University of Turku
Supervisor: Jyrki Heino
Integrins are cell surface adhesion molecules that bind to extracellular matrix proteins, such as collagen, and to other cells. Integrins literally integrate extracellular matrix to cytoskeleton and transmit outside-in signals as well as inside-out signals to regulate multiple cellular processes such as cell growth and motility. Integrins lack enzymatic activity, instead signals are transmitted through integrin clustering and conformational changes in integrin structure. Proteins bound to integrin cytoplasmic tails form focal adhesion complexes that are responsible for signal transmission in cytoplasm.
Echovirus 1, small, non-enveloped RNA virus, binds α2β1 integrins to attach cell surface and enter cells. Integrins are internalized from cell membrane in different cell processes and this natural internalization mechanism of integrins might be exploited by virus. In our recent publication (Jokinen et al., 2009) we showed that unlike any other known integrin ligand, echovirus 1 binds better to bent, inactive integrins. Usually integrins bind their ligands more avidly in extended, active conformation. Echovirus 1 has multiple integrin binding sites, and virus binding induces integrin clustering. Integrin conformational changes however do not seem to occur after Echovirus 1 binding.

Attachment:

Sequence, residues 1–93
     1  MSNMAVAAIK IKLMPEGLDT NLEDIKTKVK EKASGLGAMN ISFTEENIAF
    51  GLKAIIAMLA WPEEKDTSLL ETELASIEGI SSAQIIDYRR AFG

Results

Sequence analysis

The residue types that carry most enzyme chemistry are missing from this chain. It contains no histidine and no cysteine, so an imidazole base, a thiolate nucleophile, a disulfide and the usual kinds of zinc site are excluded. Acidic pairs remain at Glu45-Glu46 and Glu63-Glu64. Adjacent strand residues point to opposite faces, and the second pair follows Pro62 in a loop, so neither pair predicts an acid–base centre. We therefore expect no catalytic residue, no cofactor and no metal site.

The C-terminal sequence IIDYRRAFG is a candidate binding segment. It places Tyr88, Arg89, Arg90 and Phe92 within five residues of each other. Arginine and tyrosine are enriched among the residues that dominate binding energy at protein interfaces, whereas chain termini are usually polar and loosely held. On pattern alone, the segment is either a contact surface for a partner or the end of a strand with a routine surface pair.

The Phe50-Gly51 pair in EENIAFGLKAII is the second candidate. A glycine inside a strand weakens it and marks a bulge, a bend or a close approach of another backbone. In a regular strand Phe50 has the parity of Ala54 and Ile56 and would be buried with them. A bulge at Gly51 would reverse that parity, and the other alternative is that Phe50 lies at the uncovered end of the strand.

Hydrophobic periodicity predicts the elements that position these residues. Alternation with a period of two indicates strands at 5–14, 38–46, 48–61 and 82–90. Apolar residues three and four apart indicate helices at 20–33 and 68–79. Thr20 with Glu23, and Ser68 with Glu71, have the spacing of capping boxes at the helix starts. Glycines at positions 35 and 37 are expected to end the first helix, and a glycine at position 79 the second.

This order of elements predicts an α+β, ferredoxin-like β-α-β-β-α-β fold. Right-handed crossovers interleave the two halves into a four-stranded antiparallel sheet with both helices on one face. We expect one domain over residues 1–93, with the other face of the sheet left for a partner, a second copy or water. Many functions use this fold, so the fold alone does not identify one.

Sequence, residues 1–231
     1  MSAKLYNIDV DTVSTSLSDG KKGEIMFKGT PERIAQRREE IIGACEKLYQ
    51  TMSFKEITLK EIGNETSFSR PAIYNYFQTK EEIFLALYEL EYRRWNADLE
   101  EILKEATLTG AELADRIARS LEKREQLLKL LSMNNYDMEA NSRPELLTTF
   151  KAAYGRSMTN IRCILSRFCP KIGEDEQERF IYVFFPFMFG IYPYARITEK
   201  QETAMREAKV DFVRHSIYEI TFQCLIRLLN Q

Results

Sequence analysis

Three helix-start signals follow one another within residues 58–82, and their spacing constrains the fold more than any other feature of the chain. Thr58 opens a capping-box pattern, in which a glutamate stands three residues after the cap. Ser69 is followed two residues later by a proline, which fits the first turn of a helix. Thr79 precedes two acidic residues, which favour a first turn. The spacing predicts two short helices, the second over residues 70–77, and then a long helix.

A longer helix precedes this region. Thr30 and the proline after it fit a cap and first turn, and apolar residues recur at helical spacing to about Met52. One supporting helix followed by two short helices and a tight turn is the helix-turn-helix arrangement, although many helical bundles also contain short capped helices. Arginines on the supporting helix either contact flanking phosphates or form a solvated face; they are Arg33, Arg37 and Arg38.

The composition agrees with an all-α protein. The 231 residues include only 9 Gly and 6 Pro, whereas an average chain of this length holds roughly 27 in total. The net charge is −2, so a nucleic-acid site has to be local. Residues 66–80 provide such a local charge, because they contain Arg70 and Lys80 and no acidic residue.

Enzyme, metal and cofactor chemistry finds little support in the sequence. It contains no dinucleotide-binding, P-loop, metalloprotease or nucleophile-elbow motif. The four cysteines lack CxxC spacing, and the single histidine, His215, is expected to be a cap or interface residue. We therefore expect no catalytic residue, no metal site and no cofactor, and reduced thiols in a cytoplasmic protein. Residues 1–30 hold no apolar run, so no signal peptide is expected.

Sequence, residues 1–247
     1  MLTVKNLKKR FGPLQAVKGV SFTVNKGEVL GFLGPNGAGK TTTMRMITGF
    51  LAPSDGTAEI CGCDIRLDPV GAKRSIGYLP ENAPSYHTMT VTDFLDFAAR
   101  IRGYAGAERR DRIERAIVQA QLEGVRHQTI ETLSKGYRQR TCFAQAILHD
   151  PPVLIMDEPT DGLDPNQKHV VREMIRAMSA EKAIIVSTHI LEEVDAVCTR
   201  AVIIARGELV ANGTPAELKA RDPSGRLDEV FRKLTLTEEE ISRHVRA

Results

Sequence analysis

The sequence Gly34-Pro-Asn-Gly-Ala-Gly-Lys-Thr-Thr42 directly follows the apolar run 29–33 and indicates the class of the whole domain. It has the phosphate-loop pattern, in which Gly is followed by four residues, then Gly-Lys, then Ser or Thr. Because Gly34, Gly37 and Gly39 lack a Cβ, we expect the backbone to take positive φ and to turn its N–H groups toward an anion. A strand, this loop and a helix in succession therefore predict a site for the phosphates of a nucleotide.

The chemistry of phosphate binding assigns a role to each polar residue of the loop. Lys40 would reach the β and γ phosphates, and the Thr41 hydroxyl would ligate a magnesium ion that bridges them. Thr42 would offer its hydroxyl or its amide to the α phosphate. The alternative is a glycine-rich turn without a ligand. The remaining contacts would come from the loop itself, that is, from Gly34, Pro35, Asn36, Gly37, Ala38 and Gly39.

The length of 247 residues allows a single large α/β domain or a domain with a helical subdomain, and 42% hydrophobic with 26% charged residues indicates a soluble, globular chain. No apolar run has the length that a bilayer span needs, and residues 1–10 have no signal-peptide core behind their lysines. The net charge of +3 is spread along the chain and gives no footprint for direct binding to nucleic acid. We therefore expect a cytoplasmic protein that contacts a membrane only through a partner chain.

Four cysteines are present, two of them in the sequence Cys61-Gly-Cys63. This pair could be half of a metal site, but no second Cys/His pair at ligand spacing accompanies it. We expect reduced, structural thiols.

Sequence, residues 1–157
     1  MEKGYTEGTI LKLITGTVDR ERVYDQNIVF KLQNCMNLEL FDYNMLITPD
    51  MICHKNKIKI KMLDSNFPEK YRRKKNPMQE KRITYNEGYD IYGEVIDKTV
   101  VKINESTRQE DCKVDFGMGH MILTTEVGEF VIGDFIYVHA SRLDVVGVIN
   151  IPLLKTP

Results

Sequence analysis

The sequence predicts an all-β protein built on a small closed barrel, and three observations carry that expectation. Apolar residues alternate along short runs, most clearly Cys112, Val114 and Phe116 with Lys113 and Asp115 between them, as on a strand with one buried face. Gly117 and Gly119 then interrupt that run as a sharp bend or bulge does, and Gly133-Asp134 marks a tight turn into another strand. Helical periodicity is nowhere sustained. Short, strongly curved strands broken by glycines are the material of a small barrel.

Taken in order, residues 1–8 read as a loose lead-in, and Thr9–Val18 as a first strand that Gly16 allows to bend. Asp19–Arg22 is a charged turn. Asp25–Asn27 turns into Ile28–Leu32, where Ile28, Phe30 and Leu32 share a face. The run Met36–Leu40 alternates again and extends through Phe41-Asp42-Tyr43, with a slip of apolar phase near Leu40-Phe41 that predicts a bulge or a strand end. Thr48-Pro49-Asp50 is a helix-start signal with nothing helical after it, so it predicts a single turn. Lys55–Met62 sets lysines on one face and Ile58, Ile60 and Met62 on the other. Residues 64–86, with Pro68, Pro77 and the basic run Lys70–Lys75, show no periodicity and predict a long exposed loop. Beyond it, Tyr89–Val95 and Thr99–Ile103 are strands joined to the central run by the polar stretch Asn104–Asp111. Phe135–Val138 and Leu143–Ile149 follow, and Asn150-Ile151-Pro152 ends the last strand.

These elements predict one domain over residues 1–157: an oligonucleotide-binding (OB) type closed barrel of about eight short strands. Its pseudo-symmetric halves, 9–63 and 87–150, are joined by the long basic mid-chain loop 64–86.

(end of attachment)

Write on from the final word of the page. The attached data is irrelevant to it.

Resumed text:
This PhD project focuses on studying echovirus 1 internalization, but in addition α2β1 integrin signaling related to conformational changes in integrin structure is going to be better understood. Echovirus 1-α2β1 integrin complex is going to be modeled to help to predict interactions between proteins bound to integrin cytoplasmic tails. The composition of this echovirus 1 induced focal adhesion, and signaling through the complex, is going to be defined. Also the role of FAK1, a key protein in focal adhesion regulation, in echovirus 1 entry is going to be determined.